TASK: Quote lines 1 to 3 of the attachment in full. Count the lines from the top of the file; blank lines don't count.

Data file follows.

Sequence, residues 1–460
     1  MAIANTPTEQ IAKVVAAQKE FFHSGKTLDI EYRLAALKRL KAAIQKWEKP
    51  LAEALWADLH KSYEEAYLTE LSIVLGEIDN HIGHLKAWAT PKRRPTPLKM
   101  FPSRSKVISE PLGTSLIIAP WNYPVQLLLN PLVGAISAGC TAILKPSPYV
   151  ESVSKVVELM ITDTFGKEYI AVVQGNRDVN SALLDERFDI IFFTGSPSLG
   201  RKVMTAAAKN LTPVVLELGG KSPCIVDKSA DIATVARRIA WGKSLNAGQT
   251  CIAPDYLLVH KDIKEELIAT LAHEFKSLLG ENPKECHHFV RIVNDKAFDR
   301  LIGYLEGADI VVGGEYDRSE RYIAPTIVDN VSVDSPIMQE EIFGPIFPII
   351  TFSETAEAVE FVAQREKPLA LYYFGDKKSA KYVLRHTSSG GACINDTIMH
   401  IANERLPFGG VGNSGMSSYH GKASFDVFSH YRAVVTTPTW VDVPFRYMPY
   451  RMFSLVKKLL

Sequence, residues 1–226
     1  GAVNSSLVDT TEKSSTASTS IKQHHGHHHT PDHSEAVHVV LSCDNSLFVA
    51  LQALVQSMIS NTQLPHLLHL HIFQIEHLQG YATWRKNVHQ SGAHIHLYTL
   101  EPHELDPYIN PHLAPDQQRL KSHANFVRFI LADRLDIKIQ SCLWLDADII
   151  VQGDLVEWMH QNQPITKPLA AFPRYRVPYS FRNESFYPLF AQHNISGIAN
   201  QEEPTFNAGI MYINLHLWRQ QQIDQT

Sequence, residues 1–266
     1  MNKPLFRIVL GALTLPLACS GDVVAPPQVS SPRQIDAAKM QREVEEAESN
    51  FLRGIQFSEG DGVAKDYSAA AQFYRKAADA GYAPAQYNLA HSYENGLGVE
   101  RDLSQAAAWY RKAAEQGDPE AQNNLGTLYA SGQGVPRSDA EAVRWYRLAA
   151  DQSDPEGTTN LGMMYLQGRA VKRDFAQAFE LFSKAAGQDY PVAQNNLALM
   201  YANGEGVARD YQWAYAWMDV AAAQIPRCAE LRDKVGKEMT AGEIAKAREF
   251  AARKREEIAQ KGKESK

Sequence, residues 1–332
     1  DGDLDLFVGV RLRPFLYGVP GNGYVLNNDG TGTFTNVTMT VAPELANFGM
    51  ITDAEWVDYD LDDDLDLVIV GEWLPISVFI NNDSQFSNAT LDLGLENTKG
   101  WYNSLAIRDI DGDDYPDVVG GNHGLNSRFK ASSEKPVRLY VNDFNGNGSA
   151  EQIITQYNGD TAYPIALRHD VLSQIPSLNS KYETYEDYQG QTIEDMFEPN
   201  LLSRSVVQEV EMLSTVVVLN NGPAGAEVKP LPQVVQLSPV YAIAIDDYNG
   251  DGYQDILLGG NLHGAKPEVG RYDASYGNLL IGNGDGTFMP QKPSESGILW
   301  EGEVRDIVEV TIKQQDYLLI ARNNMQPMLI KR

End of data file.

Sequence, residues 1–460
     1  MAIANTPTEQ IAKVVAAQKE FFHSGKTLDI EYRLAALKRL KAAIQKWEKP
    51  LAEALWADLH KSYEEAYLTE LSIVLGEIDN HIGHLKAWAT PKRRPTPLKM